originally published as La sombra de lo que fuimos, 2009
translated by Howard Curtis
"Brave people don't exist, only people who agree to go hand in hand with their fear."
In 1973, the Chilean military forcefully (and with the backing of the US) ousted President Salvador Allende in a coup. A military junta became the new form of government, and in 1974 Agosto Pinochet became the president of the country, remaining there until 1990. Immediately after the coup, the junta banned all of the leftist parties that had been part of the Unidad Popular, the coalition of leftist parties that had backed Allende during his election and whose members served under Allende during his time in office. Luis Sepulveda, the author of The Shadow of What We Were, was active in the Allende government and was arrested in 1975. The German Branch of Amnesty International worked for his release, but he was still under house arrest, from which he ultimately managed to escape and go to Valparaiso. There he and a friend started a drama group to serve as a "cultural focus of resistance," and he was arrested and imprisoned again, this time for "treason and subversion." This sentence was commuted to exile for eight years, and supposedly on his way to Sweden, the plane had a layover in Buenos Aires, where Sepulveda escaped again, and began his period of exile.
The Shadow of What We Were is in part, the story of the shadows that linger from that coup some several decades later. As the novel opens, Concepcion Garcia, angry that she and her husband Coco Aravena are getting thrown out of their apartment because they were behind on the rent, begins throwing things out of the window. Unfortunately, a phonograph lands on a passer-by who dies. While Coco tries to figure out what to tell the police, the death of the man is a problem -- rather than being the cop that Aravena believes he is, the dead man is really a "specialist," sometimes known as "The Shadow," an elderly anarchist named Pedro Nolasco who is supposed to meet up with three men who are waiting for him in an old garage in Santiago. The three friends have hooked up again, via the internet; all had been in exile for their support of Allende's government and for their political views. They are back after having lived through torture, deaths of friends and family, years of exile, now ready to accompany Nolasco on one last mission. As they wait for Nolasco, they talk about old times -- the 1960s and the years of political activism in Latin America, Allende's presidency before the coup, the coup and what happened to each one of them as well as their families and friends, and now and then they mourn the loss of the old revolutionary zeal of the earlier days and of a Chile which they have trouble recognizing in its modern form. As one of the characters, Arancibia, notes, "We aren't the Young Guard anymore:"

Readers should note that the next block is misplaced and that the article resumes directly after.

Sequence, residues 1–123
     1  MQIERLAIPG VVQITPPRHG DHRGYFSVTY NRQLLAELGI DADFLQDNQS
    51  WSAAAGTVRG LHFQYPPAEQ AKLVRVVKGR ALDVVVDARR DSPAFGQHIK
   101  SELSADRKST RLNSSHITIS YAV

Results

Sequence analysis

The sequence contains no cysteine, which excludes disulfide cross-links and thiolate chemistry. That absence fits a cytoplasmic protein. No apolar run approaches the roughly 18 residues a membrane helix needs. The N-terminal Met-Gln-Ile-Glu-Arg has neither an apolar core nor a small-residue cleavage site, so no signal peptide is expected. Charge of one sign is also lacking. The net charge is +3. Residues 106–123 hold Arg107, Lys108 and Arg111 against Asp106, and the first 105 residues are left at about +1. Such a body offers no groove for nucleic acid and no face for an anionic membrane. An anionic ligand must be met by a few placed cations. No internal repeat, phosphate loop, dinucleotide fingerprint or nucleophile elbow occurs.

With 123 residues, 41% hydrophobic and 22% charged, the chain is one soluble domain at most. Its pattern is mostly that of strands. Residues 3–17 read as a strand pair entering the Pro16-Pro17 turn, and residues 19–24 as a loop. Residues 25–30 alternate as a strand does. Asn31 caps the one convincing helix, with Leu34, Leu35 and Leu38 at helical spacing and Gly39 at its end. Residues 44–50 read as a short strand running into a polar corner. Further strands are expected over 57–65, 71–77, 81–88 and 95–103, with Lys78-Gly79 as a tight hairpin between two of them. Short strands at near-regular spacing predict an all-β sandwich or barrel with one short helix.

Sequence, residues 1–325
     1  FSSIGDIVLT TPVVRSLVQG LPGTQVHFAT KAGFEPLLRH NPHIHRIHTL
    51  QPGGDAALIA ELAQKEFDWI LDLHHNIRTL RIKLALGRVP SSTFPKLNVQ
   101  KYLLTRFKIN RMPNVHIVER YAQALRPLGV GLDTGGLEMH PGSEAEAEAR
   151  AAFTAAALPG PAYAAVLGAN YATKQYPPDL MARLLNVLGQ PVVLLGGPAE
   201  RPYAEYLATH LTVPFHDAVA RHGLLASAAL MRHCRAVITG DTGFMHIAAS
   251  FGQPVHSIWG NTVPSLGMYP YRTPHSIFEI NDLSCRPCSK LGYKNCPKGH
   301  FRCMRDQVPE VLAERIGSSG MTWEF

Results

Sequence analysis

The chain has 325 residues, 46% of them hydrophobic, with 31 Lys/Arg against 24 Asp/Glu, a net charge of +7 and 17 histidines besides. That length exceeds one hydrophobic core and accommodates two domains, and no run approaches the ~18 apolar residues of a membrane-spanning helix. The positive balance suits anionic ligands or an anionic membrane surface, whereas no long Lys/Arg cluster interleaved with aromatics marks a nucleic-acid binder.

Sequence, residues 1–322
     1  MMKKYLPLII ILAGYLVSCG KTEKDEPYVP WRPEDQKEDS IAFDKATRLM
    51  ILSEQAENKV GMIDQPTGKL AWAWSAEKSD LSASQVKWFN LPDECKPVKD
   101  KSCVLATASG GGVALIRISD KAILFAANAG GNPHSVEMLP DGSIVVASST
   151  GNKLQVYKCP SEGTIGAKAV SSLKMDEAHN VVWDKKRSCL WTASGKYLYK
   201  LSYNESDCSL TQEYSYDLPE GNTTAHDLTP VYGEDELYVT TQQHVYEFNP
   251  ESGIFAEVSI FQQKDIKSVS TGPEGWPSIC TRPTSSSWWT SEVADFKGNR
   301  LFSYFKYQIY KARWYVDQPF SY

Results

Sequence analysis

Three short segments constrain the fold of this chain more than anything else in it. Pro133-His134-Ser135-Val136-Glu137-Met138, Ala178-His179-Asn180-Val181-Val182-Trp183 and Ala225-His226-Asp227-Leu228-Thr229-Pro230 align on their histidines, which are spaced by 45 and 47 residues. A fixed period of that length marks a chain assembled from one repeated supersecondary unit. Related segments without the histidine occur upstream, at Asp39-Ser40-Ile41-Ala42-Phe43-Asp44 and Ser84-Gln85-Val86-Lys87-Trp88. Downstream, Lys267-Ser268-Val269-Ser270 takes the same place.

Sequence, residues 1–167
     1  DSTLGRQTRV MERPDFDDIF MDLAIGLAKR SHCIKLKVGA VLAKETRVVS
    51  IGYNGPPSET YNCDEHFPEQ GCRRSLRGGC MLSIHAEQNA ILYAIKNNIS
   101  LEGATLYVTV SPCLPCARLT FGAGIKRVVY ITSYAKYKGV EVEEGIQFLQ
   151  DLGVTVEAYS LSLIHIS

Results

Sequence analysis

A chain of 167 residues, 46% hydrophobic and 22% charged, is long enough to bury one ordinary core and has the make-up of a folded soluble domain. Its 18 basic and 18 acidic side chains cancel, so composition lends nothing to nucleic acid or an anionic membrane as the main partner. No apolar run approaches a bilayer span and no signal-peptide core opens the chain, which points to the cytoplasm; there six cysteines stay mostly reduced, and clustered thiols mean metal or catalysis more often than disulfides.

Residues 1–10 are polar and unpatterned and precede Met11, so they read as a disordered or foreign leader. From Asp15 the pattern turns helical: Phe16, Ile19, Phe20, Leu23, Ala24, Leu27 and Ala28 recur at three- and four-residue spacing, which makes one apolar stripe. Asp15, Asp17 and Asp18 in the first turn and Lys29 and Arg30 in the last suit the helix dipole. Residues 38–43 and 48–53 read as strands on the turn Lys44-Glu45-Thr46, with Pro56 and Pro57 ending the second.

No. They weren't the Young Guard. Their youth had been scattered in hundreds of places, burned by electric prods during investigations, buried in secret graves that were slowly being discovered, in years of prison, in strange rooms in even stranger countries, in Homeric returns to nowhere, and all that was left were the marching songs that nobody sang anymore because those in charge now had decided that there had never been young people like them in Chile, that no one had ever sung The Young Guard, and that the Communist girls had not the taste of the future on their lips.
In and around the story of the three comrades, Sepulveda intersperses the story of the police investigation into the death of Nolasco. Concepcion has told all to the police, while the ever-optimistic Coco Aravena, an old Maoist of the
Marxist-Leninist Communist Revolutionary Party, Mao Tse-Tung Thought, Enver Hoxha Tendency, which was very different than the liquidationist clique that called itself the Marxist-Leninist Communist Revolutionary Party, Mao Tse-Tung Thought, Red Flag Tendencyis beside himself making up stories as to what actually happened to Nolasco, hoping the final version will sound convincing to the cops, but comes to realize something about himself in the process.
The Shadow of What We Were is only 132 pages long, but there is a great deal of food for thought packed into this book. It is a story about a generation of people who truly believed in a cause and did something about it, and who were persecuted for their beliefs. It is also the story of one man who firmly believed that he was "the shadow of what we were, and while there is light we will exist," whose last mission rekindles that light in a handful of people. Although the story is told in a slightly comic vein, the author is quite serious about revealing to his readers the horrors of the aftermath of the coup, and the effects of exile on those who escaped. While there are some pretty gut-wrenching stories in this book, the conversations give the reader a quick but concentrated lesson in the myriad organizations of leftist politics, a brief look at Chile under Allende, and especially of the 1973 coup and the oppression that began immediately against the new government's perceived enemies. This might be a definite drawback for readers who are not familiar with this time period, because everything is sort of packed in there all at once. However, if you're interested in the history of Latin America, this is a great read.
Definitely not for the casual reader, but I'd recommend it to anyone who, like myself, is fascinated with Latin America's political history.